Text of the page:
By cooking sous vide, club chefs can improve consistency, quality and speed of service throughout their operations.
Sous vide—the method of cooking that seals food in airtight plastic bags that are then placed in a water bath or temperature-controlled steam environment for long periods of time—is ubiquitous in fine-dining restaurants.
It has recently gained a foothold in club kitchens, too.
Chefs using sous vide can cook anything to the exact degree of doneness with little to no effort. Everything from chicken to carrots to pears can be prepared with the method.
“It makes it easy to cook precisely,” says Kevin Guffey, Executive Chef of Tulsa (Okla.) Country Club, who employs the technique to prepare things like chicken breasts, which he then uses in the club’s satellite kitchens. “Every couple of days, we sous vide a batch of chicken breasts in the main kitchen, then bring it down to a safe temperature, and use it as needed in our quick-service outlets.”
This works well for locations like Tulsa CC’s pool, for example, which sees a great deal of foot traffic, but doesn’t demand a highly skilled culinarian.
“We can staff [the pool and other satellite locations] with less-experienced cooks who are responsible for heating and serving,” Guffey explains. Food safety and consistency, he adds, are some of the biggest benefits that sous vide brings to Tulsa CC, which has about 750 members and does $2.3 million in annual F&B volume.
“We know the product has already been cooked through before it gets to the outlet, so it’s safe,” he notes. “We also know the quality is going to be consistent. And speed of service is also improved, because the chicken only needs to be warmed through.”
Guffey prepares sous vide chicken in one of two ways: garden herb, which is cooked with garlic, crushed red pepper, basil, oregano, thyme and olive oil; or Southwestern, which is cooked with garlic, cumin, cayenne, cilantro and canola oil.
“When we pull the chicken out of the bag, we use a panini press at the pool to get grill marks and a hard sear before we serve,” he says.
Chuck Mahoney, Executive Chef of Eagle Creek Country Club in Naples, Fla., got into sous vide after watching a live cooking demo at a recent American Culinary Federation conference in Florida.
“When we finally had all the equipment we needed, we decided it would be cool to let members see behind the curtain as we learned how to use the immersion circulator,” says Mahoney, whose club has 500 members and does about $1 million in annual F&B.
“We started a Culinary Concepts series on the club’s YouTube channel, where we prepared different products sous vide,” Mahoney reports. “After each [dish] was finished cooking, we had our cooks as well as the GM taste it and give immediate feedback.”
The episodes generated a lot of buzz for Eagle Creek CC. And the new cooking tool has proved to be extremely popular with members, Mahoney says.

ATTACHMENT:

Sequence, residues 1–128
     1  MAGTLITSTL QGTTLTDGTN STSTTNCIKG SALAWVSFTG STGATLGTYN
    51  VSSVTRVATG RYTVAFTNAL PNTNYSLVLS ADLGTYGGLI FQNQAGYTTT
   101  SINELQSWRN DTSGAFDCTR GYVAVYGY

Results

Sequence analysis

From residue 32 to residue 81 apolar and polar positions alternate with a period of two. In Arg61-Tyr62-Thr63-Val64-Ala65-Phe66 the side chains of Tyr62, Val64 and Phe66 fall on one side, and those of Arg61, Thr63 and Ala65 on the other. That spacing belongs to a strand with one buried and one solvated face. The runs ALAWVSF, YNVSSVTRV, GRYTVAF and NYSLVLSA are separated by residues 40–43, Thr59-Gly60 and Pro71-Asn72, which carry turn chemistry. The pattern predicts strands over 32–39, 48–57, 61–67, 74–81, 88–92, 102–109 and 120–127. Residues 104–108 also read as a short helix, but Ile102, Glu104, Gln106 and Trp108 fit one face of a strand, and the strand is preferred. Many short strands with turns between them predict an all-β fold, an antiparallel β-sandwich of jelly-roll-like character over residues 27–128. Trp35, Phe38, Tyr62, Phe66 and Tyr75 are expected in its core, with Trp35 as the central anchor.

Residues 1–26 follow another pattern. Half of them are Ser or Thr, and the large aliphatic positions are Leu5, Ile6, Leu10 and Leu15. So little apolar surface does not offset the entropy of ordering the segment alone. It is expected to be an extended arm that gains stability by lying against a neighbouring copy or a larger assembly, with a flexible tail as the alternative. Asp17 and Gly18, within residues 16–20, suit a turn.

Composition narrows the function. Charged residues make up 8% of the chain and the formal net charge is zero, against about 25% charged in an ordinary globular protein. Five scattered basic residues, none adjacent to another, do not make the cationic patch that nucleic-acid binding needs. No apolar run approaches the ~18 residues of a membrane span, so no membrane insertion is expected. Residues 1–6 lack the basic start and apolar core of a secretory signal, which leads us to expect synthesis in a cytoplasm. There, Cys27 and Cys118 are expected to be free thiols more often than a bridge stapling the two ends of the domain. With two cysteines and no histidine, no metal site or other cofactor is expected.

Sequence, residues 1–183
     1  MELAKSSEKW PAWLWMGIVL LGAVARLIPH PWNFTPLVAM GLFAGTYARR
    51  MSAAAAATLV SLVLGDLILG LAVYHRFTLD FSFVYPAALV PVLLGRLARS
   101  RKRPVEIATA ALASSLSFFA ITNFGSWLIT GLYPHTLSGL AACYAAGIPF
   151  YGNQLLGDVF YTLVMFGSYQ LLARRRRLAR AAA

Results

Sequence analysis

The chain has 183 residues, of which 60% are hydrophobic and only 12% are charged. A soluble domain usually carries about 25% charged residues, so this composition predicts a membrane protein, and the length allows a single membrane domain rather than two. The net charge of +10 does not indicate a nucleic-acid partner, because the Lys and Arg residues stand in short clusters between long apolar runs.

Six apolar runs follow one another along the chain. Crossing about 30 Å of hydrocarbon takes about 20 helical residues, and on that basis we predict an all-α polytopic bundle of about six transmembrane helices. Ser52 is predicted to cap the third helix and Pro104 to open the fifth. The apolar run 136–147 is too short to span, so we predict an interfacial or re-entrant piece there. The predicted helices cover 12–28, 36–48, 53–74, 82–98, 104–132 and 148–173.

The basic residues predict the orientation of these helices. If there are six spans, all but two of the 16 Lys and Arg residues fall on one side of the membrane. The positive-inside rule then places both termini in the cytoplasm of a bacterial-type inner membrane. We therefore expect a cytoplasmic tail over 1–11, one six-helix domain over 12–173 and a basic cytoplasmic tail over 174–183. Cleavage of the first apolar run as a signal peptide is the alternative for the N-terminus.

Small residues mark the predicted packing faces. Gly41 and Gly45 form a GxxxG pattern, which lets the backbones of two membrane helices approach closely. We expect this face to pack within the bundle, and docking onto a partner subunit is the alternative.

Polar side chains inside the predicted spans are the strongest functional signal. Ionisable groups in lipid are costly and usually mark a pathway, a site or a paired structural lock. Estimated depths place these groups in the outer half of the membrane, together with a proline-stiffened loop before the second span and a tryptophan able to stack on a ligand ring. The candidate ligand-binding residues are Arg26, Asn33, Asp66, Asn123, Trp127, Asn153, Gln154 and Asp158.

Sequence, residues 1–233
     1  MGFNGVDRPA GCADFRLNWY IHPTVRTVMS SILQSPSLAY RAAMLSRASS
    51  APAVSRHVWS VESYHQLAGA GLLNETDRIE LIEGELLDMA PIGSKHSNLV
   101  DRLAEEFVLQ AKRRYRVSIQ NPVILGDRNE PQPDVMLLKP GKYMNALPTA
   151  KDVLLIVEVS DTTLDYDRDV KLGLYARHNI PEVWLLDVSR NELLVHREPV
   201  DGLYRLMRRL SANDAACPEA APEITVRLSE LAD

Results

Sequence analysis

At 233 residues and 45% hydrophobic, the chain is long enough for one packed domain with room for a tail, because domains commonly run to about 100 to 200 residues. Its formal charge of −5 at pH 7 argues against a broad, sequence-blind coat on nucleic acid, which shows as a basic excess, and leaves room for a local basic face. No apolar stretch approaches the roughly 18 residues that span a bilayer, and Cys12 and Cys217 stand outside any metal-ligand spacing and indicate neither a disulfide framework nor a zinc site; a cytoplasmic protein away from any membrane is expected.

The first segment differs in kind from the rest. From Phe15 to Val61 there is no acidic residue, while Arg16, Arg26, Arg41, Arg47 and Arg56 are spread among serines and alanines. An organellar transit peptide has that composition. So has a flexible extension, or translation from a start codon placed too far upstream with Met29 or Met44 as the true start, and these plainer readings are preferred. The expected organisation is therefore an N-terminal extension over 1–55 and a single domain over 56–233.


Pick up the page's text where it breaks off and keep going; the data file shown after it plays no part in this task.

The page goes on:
“You get less shrinkage when you use sous vide,” he notes. “Plus it takes all of the guesswork out of the process. As long as you follow time and temperature, it’s idiot-proof.”
What’s impressed him most about sous vide is how it works equally well for parties of 10 or 300.
“I’m a big fan of using lesser cuts of meat for sous vide,” says Mahoney. “For Thanksgiving, we used sous vide for pork loins stuffed with spinach and mission figs. They cooked overnight and the next day, they were incredible—juicy and flavorful. All we had to do was sear and serve.”
Mahoney has also experimented with using sous vide to prepare fruit.
“We do pears bagged with a late harvest vinegar, olive oil, nutmeg and cinnamon,” he says. “I use them on salads, then take the drippings and make a vinaigrette.”
At Oklahoma City Golf & Country Club (Nichols Hills, Okla.), Executive Chef Mark Brown uses sous vide as frequently as other cooking techniques. It’s become such a part of the routine, in fact, that he doesn’t feel the need to showcase it.
“We stand behind the quality, not the modernist trend,” says Brown, whose club does $5.2 million in annual F&B. “We are always looking at ways to be better and push the envelope, but the members don’t necessarily care how the food was cooked, so long as it tastes delicious.”
Oklahoma City G&CC also uses sous vide to take the guesswork out of cooking proteins.
“Line cooks are some of the hardest positions to fill,” says Brown. “This simplifies the process and speeds it up significantly, too. You can cut your order time for a chicken salad from twelve to five minutes. Plus, there’s better consistency.”
Brown shies away from using sous vide on smaller cuts of beef (he finds the texture to be off-putting), but he does use it for whole strip loins, ribeyes, and tenderloins, as well as short ribs, chicken breasts and even baby carrots. Like Mahoney at Eagle Crest CC, Brown prefers to use the method to elevate underutilized or tougher cuts of meat.
“We’ve been very careful about not only building a solid HACCP plan but implementing it and making sure everyone knows how to apply it,” says Brown. “So long as you pay attention to time and temperature, you can play around with different proteins to find really cool applications that will elevate quality and save you a ton of time during service.”